26. During the hearing, while both parties expressly agreed upon the fact that mistakes were made with regard to the layout and plans of the retail space, the Claimant maintained that those mistakes were not material for the purposes of the signing of the Lease Agreement. The Defendant was of the opinion that they were so significant that they led to severe business losses which rendered her unable to pay rent. During the hearing, the Defendant expressed her desire for an extension of the Lease Agreement so that no rent payment would be due until the date of opening of Gilad in March 2016; an increase in the contractual notice period in the Lease Agreement from three to six months; reimbursement of the lost income during the elongated fit-out period; salaries of employees for three months; and a lease of five instead of three years.
27. The Defendant estimated its losses to be in the region of AED 380,000 excluding claims for rent abatement for the period of the delays caused by the mistake (which amounted to 18 months in her written submissions, but were reduced to 9 months in the hearings). The Defendant also seeks that its rent be reduced to reflect the smaller size of the premises versus unit.
28. I understand that the Defendant has filed a claim against the Claimant in respect of the above.
29. This is a case in which an entrepreneur, Defendant’s Representative, has acted in good faith to identify premises for her new business, seemingly single-handedly at times to struggle through the surprising complexity of renting a store, to work with designers and contractors to fit out the store, to establish her company (the Defendant) and to endeavour to build that business. Her submissions in the hearings and on paper evidence the challenges faced by those looking to commence a small business. Defendant’s Representative would appear to have been operating against tight deadlines and with limited resources, which required her to open her store as soon as possible in order to generate cash-flows to set off her up-front expenses.
30. Defendant’s Representative would not appear to have been legally represented during the course of this matter and there is no evidence to suggest that Defendant’s Representative or the Defendant obtained legal advice about the terms of the Lease Agreement that was signed in February 2015. Based on the submissions made during the hearings, I would be surprised if Defendant’s Representative understood the significance of some of the provisions within the Lease Agreement.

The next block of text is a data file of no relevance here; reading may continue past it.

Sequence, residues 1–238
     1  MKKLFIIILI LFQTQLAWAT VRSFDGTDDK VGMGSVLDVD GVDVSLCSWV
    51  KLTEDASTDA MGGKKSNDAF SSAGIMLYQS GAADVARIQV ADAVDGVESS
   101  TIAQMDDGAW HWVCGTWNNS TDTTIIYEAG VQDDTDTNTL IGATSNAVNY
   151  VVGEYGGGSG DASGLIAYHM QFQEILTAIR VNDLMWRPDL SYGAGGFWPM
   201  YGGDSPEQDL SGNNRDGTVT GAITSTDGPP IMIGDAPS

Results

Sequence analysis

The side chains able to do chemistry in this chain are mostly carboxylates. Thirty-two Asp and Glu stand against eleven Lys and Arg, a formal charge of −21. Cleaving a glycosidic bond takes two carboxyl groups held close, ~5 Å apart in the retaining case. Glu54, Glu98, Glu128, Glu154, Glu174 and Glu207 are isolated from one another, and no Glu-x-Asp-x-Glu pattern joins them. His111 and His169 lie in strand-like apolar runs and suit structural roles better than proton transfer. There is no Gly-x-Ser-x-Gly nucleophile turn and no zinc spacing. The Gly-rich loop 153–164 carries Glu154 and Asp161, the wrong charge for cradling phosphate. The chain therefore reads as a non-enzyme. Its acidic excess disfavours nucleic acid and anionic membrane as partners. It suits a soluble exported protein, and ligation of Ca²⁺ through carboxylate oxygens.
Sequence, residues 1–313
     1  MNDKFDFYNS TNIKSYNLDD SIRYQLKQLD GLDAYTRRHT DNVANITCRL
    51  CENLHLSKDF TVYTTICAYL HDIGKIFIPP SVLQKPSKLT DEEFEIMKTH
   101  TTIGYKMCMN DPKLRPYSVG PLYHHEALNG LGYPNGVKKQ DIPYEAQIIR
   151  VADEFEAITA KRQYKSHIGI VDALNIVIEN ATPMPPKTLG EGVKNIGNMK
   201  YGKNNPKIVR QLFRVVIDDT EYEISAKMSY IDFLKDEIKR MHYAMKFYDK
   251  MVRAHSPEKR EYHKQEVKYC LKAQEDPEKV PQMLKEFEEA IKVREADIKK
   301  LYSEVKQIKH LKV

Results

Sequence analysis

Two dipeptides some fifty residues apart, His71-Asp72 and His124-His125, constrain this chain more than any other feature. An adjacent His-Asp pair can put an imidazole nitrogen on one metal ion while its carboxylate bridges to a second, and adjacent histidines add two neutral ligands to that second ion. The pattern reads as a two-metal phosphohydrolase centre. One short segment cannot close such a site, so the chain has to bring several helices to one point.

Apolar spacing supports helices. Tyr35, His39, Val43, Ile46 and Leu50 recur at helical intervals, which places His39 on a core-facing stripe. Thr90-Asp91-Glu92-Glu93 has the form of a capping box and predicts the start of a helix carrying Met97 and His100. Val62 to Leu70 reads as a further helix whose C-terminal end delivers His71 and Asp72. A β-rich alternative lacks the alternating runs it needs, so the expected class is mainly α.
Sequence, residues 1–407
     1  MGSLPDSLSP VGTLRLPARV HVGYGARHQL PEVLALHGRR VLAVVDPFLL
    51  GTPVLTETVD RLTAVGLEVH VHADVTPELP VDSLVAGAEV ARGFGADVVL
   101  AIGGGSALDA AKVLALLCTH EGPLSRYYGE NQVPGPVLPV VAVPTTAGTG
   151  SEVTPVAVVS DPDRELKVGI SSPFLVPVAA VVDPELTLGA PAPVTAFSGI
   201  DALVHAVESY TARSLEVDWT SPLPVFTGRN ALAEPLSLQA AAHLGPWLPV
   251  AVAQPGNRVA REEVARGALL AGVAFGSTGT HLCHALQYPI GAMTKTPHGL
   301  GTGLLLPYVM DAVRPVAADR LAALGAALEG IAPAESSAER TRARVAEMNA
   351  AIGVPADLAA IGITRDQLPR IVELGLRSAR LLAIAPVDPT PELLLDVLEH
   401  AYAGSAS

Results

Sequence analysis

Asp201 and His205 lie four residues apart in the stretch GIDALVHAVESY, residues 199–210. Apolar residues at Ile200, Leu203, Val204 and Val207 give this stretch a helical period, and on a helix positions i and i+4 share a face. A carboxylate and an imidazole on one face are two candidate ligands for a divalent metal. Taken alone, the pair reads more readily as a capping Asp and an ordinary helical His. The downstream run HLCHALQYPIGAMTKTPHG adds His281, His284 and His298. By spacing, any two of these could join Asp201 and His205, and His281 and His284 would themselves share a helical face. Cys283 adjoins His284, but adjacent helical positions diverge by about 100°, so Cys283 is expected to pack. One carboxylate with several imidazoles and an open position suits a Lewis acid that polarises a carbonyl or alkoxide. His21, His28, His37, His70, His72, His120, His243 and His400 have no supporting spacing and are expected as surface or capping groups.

31. Prior to the signing of the Lease Agreement, a mistake which the Claimant acknowledges was made by its staff member, led to a chain of events which ultimately caused the Defendant to lose time and money, resources which the Defendant did not have, and which have no doubt contributed to the Defendant’s inability to settle the rent due pursuant to the Lease Agreement.
32.That Defendant’s Representative or the Defendant did not seek legal advice regarding the Lease Agreement, or possibly even understand the significance of many of its provisions, is problematic for the Defendant. It is a particularly onerous lease, drafted in favour of the Claimant, and it is not in a form which one would expect a party who has sought legal advice to sign. However, it has been signed. Of particular difficulty for the Defendant are clauses 10, 34, 45 and 58.
33. Although not pleaded, I have examined the law of non est factum and its applicability to the current situation. Whether looking at our own jurisprudence or that of Australia, Canada or the UK, the facts do not extend to such a defence by the Defendant.
34. I have also looked at the common law position with regard to mistake, particularly unilateral mistake and the effect of misrepresentation. There is much to support an argument that such a defence is open to the Defendant, although I will not dwell further because it has not been pleaded in this matter and perhaps will form part of the claim made by the Defendant against the Claimant.
35. Lastly, I endeavoured to explore with the parties the application of the law of mistake as it applies in the DIFC under the DIFC Contract Law. I was grateful for the input provided by both parties.
36. The relevant provisions of the DIFC Contract Law are as follows:
“37. Relevant mistake
(1) A party may only avoid a contract for mistake if, when the contract was concluded, the mistake was of such importance that a reasonable person in the same situation as the party would not have concluded it at all if the true state of affairs had been known, and
(a) the other party made the same mistake, or was also mistaken, or caused the mistake, or knew or ought to have known of the mistake and it was contrary to reasonable commercial standards of fair dealing to leave the mistaken party in error; or
(b) the other party had not at the time of avoidance acted in reliance on the contract.